Interviews are a standard part of the recruiting process. Rarely is there a recruiting process that doesn't involve one. Often used as a method to determine whether to hire the candidate or not in the later steps, it can be said that interviews play a crucial role in hiring.
Especially in recent years, interviews have been criticized for its unfairness due to its subjective nature. People tend to have unconscious biases that influence their decisions, and choosing candidates based on how the interviewer "felt good" about the candidate does not seem very fair. Yet, getting rid of interviews and solely hiring people based on their resumes or having interviews without any face-to-face interaction are not quite convincing either.
So, why are interviews important? The reasons on the employer side seem quite obvious, and a quick online search will give you multiple blog posts about this subject. Firstly, it is a great way to determine whether the candidate is actually suitable for the position. Through conversation, the expectations of the role can be clarified, and the candidate's experiences mentioned in the resumes can be further elaborated. In addition, employers can learn more about the candidate's personality and whether they would really fit with the company's culture. Interviews can really help getting to the details that resume screening doesn't allow and to determine the "best fit".
How about on the candidate side? Interviews can be stressful, but in a survey conducted by Shiru, many students raised meeting and talking to people as the most positive experiences in recruiting. Especially nowadays where much of the screening process is conducted online, candidates appreciate the opportunity to interact with actual people.
Interviews allow candidates to express their strengths that are difficult to express on paper, notably soft skills. Be it effective communication or a positive attitude, listening skills or their body posture, these are skills that can be very important for a job but invisible on a resume. Interviews are thus an opportunity for candidates to show their more authentic, fuller selves. Candidates can also learn more about the company too. Not only do interviews allow a chance for asking questions, but even things like going to the office and seeing the actual workplace, how workers are dressed and how they interact with each other itself is a great way to learn about the company culture.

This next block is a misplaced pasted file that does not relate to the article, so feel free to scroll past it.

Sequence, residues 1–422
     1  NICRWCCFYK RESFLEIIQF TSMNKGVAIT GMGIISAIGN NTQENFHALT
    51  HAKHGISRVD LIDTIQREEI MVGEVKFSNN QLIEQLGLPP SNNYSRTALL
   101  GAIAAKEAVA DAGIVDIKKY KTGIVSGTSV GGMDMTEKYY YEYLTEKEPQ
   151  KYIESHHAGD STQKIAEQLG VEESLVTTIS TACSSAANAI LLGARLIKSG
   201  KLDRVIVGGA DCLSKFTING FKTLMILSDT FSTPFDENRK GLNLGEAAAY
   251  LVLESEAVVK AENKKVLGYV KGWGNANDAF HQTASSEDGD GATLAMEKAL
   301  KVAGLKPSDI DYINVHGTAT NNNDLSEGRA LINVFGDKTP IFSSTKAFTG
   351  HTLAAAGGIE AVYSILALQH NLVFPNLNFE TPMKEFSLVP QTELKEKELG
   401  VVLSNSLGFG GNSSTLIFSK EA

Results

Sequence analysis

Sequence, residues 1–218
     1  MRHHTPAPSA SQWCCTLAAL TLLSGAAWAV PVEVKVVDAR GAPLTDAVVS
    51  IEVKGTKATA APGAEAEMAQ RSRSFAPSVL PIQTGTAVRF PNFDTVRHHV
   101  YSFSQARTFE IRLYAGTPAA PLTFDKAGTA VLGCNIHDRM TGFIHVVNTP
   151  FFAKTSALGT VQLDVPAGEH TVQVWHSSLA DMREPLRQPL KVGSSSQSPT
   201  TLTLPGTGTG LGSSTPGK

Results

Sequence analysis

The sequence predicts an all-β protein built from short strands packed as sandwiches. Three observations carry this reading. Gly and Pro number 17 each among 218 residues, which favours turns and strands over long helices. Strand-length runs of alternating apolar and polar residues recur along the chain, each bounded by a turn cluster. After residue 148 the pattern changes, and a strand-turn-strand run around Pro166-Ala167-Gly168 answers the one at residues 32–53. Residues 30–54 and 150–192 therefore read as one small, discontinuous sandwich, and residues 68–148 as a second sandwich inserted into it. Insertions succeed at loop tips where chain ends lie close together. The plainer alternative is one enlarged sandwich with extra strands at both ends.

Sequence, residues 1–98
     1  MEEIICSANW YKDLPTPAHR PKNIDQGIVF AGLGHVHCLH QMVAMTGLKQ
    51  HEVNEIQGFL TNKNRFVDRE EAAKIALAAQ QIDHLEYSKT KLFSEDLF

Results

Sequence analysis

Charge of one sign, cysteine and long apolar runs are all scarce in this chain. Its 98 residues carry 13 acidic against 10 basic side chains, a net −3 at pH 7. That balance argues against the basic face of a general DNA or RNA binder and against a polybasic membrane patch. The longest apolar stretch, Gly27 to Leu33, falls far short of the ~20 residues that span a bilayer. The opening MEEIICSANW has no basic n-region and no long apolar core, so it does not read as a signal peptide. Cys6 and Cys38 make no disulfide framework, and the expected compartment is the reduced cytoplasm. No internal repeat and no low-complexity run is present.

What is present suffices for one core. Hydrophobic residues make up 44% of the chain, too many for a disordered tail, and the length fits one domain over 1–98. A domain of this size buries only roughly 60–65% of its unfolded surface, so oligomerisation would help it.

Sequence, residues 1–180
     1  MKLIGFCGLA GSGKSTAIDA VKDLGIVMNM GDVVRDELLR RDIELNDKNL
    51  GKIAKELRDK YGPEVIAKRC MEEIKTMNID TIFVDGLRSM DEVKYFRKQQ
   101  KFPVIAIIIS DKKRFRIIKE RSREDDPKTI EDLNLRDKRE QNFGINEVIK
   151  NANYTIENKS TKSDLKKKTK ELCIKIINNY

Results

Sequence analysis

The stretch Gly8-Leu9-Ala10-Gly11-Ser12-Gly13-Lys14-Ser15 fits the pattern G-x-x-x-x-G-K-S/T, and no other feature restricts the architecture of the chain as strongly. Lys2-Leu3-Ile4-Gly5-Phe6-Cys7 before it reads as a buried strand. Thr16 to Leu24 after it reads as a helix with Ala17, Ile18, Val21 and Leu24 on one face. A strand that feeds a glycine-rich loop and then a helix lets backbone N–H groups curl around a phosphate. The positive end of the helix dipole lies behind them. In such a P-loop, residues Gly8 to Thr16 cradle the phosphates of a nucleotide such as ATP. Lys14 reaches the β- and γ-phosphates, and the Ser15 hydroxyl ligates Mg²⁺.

As can be seen here, interviews are helpful to both the employer and the candidate to inform themselves whether they are really fit for the position. The important thing to remember is that interviews are not everything, but are just be one source of information in the recruiting process. If the candidate did not give a good impression at an interview, it may be that they were just having a bad day or were really nervous. That said, if you are looking for people who can present themselves confidently in professional settings to people they may not know very well, they may not be the ideal candidate.
In short, for employers, interviews are an opportunity to put a face to a name and find out more about the soft skills of the candidate. For the candidate, it is an opportunity to present themselves in a more genuine way and learn more about the company culture.
Yes, interviews may not be exactly "fair", but depending on how you make use of them they can be an crucial and effective tool in creating the ideal working team.